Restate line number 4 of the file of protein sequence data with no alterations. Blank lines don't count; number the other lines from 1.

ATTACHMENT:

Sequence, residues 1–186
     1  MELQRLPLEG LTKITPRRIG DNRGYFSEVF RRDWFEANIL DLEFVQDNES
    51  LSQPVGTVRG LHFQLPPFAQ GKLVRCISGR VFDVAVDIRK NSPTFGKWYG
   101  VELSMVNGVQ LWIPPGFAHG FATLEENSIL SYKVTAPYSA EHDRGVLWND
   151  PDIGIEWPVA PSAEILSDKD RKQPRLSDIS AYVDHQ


   101  VELSMVNGVQ LWIPPGFAHG FATLEENSIL SYKVTAPYSA EHDRGVLWND